In the News

UBC Reports | Vol. 49 | No. 12 | Dec.
4, 2003

Highlights of UBC Media Coverage in November 2003

Compiled by Brian Lin

UBC Researcher Discovers ‘Control Room’ that
Regulates Immune Response

The approximately 50 million people in the U.S. who suffer
from autoimmune diseases like HIV / AIDS, multiple sclerosis,
and arthritis, may soon be able to control their immune responses,
thanks to a breakthrough discovery by UBC microbiology and
immunology professor Wilfred Jefferies.

Jefferies has discovered and characterized the mechanics
of a cellular pathway that triggers immune responses, reported
the Associated Press. He and his team have also uncovered
a specialized cell substructure, or organelle, that dictates
exactly how the immune system will be activated.

Jefferies believes that it will take about five years for
scientists to use this information to create new therapies
such as medication or vaccines to regulate immune responses
in humans.

A New Kind of Genome

Some scientists are now sequencing “metagenomes,”
the DNA of entire ecosystems. The new efforts seek to read
all the DNA in the bacterial communities found in a patch
of soil or seawater or even the lining of the human gut.

Extracting DNA fragments from the environment can be difficult,
particularly from soil, which contains acids that break down
the genetic material.

“When somebody says they are going to sequence all
the bacteria in a soil sample, well, that’s rubbish,”
UBC microbiology and immunology professor emeritus Julian
Davies told The New York Times.

There is still debate about how valuable it will be to reconstruct
the genomes of all members of a community. “What you
get is a catalogue,” Davies said. “You get unnamed
organisms. The question is how can you tell what they do.”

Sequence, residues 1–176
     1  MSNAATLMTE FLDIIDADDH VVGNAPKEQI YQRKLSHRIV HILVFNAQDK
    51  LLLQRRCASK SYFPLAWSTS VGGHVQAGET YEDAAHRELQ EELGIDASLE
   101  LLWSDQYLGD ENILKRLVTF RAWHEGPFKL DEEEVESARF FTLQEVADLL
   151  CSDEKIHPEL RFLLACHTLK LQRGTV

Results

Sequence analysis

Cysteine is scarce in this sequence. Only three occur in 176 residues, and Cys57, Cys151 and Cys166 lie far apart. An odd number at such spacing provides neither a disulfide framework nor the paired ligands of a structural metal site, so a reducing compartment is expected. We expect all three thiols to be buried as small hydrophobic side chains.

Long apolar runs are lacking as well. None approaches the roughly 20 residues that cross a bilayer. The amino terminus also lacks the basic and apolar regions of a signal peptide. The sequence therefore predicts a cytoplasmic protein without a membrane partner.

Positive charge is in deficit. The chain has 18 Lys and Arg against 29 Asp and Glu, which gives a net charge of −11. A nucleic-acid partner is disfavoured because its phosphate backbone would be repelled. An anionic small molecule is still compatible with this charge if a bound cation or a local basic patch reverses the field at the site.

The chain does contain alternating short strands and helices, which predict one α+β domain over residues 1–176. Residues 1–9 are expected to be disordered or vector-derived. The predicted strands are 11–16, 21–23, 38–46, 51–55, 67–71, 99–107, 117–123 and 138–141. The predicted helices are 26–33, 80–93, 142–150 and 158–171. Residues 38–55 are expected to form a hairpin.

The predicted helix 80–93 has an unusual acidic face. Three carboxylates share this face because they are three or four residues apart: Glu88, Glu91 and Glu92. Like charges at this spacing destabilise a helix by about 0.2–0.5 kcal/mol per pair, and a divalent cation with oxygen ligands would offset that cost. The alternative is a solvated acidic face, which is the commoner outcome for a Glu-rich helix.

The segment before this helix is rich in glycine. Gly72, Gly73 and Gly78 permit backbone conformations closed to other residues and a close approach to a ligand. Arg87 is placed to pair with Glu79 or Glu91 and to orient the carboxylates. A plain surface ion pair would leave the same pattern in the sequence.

Fish Fart Not Just Hot Air

Biologists have linked a mysterious, underwater farting sound
to bubbles coming out of a herring’s anus. No fish had
been known to emit sound from its anus nor to be capable of
producing such a high-pitched noise.

“It sounds just like a high-pitched raspberry,”
UBC fisheries professor Ben Wilson told the New Scientist.

Wilson and his colleagues cannot be sure why herring make
this sound, but initial research suggests that it might explain
the puzzle of how shoals keep together after dark.

HIV Undertreated Despite Availability of Free Care

Patients continue to die from untreated HIV despite the availability
of free health care and drugs in some areas, according to
research conducted by UBC professor Evan Wood.

Wood and colleagues used statistical tests to compare patients
who had received anti-HIV drugs before death with those who
had died without ever receiving treatment. HIV care and antiretroviral
drugs are available free of charge in B.C.

Of the 1,094 patients who died from an HIV-related cause,
nearly a third had never received treatment, the authors report
in The Journal of Infectious Diseases.

Even among those who received treatment, only 28 percent
of aboriginal people and 36 percent of women received anti-HIV
drugs at least 75 percent of the time, the report indicates.

Cultural barriers “will need a culturally driven and
relevant response,” Wood told Reuters.